Split platform

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A pair of split level platforms in Harvard station of the Boston-Cambridge MBTA Red Line service. The upper (outbound) platform at left is empty, while the lower (inbound) platform is relatively crowded.
Upper level


Lower level


A split platform is a station that has a platform for each track, split onto two or more levels. This configuration allows a narrower station plan (or footprint) horizontally, at the expense of a deeper (or higher) vertical elevation, because sets of tracks and platforms are stacked above each other. Where two rails lines cross or run parallel for a time, split platforms are sometimes used in a hybrid arrangement that allows for convenient cross-platform interchange between trains running in the same general direction.

Examples[edit]

This setup is not common in North American railroad stations, but is found in places in Europe such as the London Underground[citation needed].

Examples of split platform layout in the United States are Rosslyn on the Washington Metro's Blue and Orange Lines; Pentagon on the Washington Metro's Blue and Yellow Lines; and Harvard and Porter stations on the Boston-Cambridge MBTA Red Line. Split platforms are also at downtown Oakland, California on BART's 12th and 19th Street, and at Los Angeles Metro Rail's Wilshire/Vermont. MARTA's Ashby station uses the configuration to separate the eastbound and westbound platforms. A similar configuration was once planned for downtown San Francisco stations, but the lower level was used for San Francisco Municipal Railroad trains.[citation needed]

In the New York City Subway, Nostrand Avenue and Kingston Avenue stations on the 3 and 4 trains along the IRT Eastern Parkway Line have two tracks on each level, with each of the two levels serving trains in one direction. Further north on the Eastern Parkway line, Borough Hall also has split platforms. Also, stations on the IND Eighth Avenue Line, which carries the A, B, C, and D services within this segment of the line, have split stacked platforms between 59 St-Columbus Circle and 110 Street due to the proximity of the line to Central Park. In other stations like Fulton Street, Borough Hall, and Fifth Avenue-53rd Street, platforms are stacked due to the narrowness of the street directly above the station. One notable station, Wilson Avenue on the L train along the BMT Canarsie Line, has one elevated platform and one at-grade platform, due to the narrowness of the line's right-of-way.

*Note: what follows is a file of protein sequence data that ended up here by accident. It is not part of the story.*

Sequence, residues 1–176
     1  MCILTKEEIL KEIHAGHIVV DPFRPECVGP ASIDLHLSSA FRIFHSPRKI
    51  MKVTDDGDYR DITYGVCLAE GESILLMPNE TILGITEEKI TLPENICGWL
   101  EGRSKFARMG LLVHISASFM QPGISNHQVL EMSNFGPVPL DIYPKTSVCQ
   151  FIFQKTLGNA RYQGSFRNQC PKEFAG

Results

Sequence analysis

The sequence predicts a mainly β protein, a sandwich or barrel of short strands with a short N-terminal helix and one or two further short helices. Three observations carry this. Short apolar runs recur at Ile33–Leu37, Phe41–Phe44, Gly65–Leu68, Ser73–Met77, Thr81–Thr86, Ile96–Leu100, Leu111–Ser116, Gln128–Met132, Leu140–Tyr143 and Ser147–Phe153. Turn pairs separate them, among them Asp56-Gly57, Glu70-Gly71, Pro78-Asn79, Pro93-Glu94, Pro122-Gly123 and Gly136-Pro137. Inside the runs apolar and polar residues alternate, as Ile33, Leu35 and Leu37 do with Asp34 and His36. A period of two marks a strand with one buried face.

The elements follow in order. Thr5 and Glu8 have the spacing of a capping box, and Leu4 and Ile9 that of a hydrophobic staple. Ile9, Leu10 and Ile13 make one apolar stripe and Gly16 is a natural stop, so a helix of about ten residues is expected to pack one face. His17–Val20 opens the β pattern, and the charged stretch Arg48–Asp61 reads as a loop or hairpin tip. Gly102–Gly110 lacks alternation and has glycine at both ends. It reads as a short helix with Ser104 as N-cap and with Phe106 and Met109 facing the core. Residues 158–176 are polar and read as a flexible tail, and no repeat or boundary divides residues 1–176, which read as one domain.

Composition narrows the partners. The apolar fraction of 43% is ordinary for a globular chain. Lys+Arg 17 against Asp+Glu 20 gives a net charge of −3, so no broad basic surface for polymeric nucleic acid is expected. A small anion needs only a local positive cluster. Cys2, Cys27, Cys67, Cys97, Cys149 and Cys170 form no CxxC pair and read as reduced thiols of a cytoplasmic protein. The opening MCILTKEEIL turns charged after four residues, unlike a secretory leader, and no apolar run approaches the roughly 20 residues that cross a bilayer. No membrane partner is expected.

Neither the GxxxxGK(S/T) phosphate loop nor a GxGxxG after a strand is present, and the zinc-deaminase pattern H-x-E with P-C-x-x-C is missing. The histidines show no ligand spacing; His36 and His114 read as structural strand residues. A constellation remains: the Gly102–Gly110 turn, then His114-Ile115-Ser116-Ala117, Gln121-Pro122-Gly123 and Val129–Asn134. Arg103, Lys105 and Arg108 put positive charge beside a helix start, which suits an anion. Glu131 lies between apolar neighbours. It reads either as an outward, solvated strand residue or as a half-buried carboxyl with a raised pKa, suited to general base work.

In Canada, split platforms on the Montreal Metro are located at De L'Église and Charlevoix and the Blue Line platforms at Jean-Talon, while Snowdon and Lionel-Groulx have a hybrid layout where the two directions on each line are split from each other but sharing an island platform with the other line. They are also found on Vancouver's SkyTrain, at the stations in the Dunsmuir Tunnel.

Milan Metro Sant'Agostino on line M2 is similar, and also all the stations between Crocetta and Turati on line M3.

In Asia, Jingan and Yongan Market on the Taipei Metro have split stacked platforms, and Central, Wan Chai, Causeway Bay, Tin Hau, North Point, and Sai Wan Ho on MTR's Island Line on Hong Kong Island all have split platforms. Promenade Station in Singapore has split side platforms.

See also[edit]

References[edit]